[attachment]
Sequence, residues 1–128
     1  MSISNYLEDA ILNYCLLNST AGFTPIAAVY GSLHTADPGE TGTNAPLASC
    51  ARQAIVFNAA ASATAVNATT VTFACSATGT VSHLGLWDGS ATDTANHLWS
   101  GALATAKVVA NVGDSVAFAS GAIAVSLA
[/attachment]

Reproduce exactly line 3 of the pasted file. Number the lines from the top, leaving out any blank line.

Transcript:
    51  ARQAIVFNAA ASATAVNATT VTFACSATGT VSHLGLWDGS ATDTANHLWS